This course examines the contested nature of current museum and cultural heritage theory and their critical examination through case studies. The first block opens with an intensive two-week course where the representational role of museums in nation building is considered, and their entanglement in localising and globalising processes; it explores the museum’s relationship to memory and commemoration; its social roles and responsibilities; and its extension into digital domains. Building on a tradition of ‘critical museology’, the course seeks to provoke students into questioning what a museum is and does, and what it can be. It seeks to provide the broader historical and theoretical context to enable students to engage critically with contemporary museum practice.
During the course students get acquainted with the institutional identity, mission and staff of the National Museum of Ethnology (NME) and at the National Museum of Antiquities (NMA). The students are to write a think piece on a later to be assigned topic; and present and discuss it during class.
In the following week, an intensive seminar will take place where internationally renowned museum directors and senior staff are invited to talk about diverse museum tasks and competences in greater detail: e.g. organisational systems; collection management; education; communication; research; and the national and global networks in which todays museums operate.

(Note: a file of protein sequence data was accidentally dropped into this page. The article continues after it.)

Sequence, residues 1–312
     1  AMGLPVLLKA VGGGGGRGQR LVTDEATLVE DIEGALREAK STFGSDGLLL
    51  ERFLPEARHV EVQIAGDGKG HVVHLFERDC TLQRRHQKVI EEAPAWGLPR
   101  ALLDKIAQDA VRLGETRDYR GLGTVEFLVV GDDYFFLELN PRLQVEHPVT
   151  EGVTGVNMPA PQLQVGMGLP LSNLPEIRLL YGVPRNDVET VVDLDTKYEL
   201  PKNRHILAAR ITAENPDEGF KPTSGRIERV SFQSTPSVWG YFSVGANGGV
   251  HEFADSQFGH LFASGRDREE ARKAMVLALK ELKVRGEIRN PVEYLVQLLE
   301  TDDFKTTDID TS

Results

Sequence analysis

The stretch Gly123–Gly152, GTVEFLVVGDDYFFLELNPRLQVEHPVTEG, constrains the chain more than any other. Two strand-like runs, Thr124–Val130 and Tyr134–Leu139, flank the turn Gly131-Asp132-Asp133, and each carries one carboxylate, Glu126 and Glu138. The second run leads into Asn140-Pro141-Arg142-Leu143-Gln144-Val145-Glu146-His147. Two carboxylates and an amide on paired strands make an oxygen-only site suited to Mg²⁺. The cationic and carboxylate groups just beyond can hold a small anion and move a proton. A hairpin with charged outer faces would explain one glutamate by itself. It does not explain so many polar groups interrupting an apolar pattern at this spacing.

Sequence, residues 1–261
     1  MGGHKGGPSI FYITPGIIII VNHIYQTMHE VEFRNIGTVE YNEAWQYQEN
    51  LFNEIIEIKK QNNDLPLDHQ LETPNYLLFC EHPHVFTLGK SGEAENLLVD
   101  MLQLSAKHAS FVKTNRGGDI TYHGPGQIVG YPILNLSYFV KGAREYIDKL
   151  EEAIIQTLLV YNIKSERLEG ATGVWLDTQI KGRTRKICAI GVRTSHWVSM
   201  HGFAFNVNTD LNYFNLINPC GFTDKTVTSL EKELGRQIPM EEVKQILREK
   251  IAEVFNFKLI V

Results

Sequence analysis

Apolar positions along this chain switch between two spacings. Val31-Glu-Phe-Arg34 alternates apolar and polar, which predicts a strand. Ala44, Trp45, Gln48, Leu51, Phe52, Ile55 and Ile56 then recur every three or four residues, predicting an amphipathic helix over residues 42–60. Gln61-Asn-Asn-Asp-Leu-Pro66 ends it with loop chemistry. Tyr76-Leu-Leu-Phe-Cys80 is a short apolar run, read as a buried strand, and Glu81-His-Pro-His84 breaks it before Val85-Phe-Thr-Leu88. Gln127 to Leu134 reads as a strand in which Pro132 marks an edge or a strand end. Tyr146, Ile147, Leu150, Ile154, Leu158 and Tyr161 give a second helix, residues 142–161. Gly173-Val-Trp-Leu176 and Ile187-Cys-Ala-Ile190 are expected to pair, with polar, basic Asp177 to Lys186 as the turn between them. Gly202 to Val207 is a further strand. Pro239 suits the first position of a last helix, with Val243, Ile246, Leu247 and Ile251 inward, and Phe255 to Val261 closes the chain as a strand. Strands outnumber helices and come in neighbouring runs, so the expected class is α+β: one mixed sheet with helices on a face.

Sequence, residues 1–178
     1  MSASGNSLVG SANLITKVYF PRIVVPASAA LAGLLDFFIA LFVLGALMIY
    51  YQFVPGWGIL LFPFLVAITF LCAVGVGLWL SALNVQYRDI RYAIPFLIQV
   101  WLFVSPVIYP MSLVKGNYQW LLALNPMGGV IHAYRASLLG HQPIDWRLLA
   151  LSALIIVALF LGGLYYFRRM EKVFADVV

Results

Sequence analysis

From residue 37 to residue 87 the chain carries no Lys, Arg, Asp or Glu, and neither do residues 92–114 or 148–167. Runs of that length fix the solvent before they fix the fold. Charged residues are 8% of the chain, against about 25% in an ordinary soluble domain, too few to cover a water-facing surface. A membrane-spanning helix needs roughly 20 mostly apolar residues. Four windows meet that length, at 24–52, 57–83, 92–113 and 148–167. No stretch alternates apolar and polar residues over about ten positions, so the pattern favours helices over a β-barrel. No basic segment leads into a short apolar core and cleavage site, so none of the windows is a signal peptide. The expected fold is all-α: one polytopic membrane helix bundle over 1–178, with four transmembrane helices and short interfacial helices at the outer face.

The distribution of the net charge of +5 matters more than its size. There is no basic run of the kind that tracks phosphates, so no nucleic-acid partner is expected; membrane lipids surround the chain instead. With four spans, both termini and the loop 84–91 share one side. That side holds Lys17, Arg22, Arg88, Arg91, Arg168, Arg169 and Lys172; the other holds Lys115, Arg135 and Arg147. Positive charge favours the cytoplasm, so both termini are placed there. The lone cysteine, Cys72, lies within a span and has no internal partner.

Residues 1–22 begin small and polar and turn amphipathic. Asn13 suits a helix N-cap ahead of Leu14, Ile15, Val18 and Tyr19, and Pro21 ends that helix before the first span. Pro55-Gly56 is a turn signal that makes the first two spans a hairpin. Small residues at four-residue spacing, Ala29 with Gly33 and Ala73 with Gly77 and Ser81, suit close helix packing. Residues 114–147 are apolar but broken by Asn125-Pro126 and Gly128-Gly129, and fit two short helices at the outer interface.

In the course of the seminar students learn to think and act beyond the usual accounts and definitions of museums and cultural heritage, and be able to critically appreciate ‘alternative’ conceptualisations of museums and understand the complexities involved in the globalisation of museological practices. The seminar is followed by two weeks of courses where assignments and literature are discussed.
Equip students with an understanding and a working appreciation of both theoretical and practical approaches to key issues in the field of cultural heritage and museum anthropology;
Have an overview of the resources, tasks and competences of today’s museums and the larger networks in which they operate;
Ability to identify organisational structures and functions within museums, and question their effectiveness;
Ability to discuss and debate the concept and functions of the museum;
Employ theoretically-informed perspectives to comment upon established museological practices;
Demonstrate a familiarity with, and express opinions about, current museological debates.
Course schedule details can be found in the MA time schedule.
Mode of instruction
Presentation and performance;
Written assignments about the seminar readings in the form of a think piece;
To be determined.
For more information about this course, please contact dr. Mariana Francozo.